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#4 Re: Hit a brick wall!
04/08/2005 12:01

With the increasingly large number of graduates coming out of university, firms, and especially those in the sought after areas such as pure strategy consultancy can really pick and choose. The majority of people that I interview and put through have a first from an "ivy league" university and credible work experience. If you are looking to do more than just powerpoint and research at one of these firms, go and get yourself some more experience (at least 4 years) gaining a good understanding of different aspects of businesses and how they run, then reapply.

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#5 Re: Hit a brick wall!
04/08/2005 12:18

RL

Anon 2 makes a very good point - I'm 18 months into consulting, after 3.5 years in Industry. The experience of real situations that I have makes selling ideas to clients easier and means also I can deliver faster. Get some experience, preferrably in an area that consultancies lack skills in, and then apply later. There is more to life than being a consultant from sperm to worm....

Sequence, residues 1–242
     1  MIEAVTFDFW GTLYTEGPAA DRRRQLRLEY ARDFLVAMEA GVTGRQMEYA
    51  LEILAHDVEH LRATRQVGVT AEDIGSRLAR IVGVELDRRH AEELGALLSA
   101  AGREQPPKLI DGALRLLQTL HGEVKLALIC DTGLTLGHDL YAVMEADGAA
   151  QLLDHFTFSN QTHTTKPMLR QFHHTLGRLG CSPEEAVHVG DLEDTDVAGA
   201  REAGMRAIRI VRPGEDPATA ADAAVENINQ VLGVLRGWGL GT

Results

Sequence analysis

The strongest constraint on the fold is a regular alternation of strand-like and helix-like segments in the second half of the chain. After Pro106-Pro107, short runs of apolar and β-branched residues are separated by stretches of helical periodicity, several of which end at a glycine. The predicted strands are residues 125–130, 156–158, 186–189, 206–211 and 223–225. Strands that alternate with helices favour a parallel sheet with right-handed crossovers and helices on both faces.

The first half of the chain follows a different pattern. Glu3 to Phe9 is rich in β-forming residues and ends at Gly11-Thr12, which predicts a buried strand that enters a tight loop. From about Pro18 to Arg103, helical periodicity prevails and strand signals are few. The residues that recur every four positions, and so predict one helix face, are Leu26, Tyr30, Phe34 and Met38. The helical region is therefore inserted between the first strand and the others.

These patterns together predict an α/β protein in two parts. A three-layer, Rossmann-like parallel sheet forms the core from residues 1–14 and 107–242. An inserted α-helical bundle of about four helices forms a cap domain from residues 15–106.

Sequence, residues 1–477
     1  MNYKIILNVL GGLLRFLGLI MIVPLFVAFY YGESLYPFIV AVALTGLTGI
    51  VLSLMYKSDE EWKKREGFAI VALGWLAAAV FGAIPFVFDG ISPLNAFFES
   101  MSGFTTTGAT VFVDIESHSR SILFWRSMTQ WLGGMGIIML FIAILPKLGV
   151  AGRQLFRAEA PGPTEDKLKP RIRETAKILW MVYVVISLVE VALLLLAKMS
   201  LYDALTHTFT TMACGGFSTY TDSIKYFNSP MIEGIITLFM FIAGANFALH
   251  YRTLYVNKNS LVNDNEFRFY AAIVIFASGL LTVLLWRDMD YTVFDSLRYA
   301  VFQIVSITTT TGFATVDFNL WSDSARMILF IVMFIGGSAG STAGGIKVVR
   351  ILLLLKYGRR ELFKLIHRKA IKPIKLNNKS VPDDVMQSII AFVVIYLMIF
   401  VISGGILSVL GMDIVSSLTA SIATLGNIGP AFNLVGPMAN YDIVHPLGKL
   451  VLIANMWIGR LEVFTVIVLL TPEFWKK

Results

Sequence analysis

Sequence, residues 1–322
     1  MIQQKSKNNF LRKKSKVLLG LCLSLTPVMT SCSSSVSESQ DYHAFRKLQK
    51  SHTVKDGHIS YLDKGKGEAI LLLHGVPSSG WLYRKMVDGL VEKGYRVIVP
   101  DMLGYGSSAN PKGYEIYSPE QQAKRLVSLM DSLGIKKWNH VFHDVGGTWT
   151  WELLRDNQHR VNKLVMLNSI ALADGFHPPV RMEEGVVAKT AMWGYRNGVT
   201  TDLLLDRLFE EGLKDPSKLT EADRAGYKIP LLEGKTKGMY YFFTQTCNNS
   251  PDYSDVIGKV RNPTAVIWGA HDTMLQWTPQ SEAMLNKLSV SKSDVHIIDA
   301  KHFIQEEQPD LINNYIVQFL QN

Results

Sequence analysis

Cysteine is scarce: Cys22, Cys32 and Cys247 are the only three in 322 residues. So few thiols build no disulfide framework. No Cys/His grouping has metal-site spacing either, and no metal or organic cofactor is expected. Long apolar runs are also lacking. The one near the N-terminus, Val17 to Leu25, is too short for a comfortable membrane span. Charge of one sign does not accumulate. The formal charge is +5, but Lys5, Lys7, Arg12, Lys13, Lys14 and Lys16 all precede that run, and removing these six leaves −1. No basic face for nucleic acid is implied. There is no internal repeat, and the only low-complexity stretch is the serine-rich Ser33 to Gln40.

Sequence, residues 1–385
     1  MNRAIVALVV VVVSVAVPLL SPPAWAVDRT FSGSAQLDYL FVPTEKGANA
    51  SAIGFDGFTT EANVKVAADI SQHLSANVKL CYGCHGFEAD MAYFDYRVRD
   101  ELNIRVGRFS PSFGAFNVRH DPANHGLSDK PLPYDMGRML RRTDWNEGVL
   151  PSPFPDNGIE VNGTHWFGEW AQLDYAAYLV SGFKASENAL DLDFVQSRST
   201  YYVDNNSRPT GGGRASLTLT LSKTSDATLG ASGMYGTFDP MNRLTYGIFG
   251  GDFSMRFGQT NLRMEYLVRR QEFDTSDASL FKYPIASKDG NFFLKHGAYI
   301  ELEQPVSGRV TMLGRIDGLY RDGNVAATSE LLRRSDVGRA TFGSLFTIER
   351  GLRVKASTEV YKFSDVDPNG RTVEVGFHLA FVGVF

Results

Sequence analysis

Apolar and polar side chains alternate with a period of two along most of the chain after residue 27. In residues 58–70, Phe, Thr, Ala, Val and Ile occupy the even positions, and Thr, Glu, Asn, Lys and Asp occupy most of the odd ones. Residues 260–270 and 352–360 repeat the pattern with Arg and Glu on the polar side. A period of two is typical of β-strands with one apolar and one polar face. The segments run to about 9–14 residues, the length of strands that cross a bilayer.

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#6 Re: Hit a brick wall!
04/08/2005 12:53

Anon III

I'd agree with the 2 previous comments, I believe that you're only as good as your recent experience suggests.

Having good academia is a good selling point but without industry experience to show growth then it's difficult to build on.

Personally, I'm in the opposite situation with poor academics behind me but with good industry exposure and experience.

Maybe transferring your role to develop your core skills (i.e. a sidestep) would allow this development.

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#7 Re: Hit a brick wall!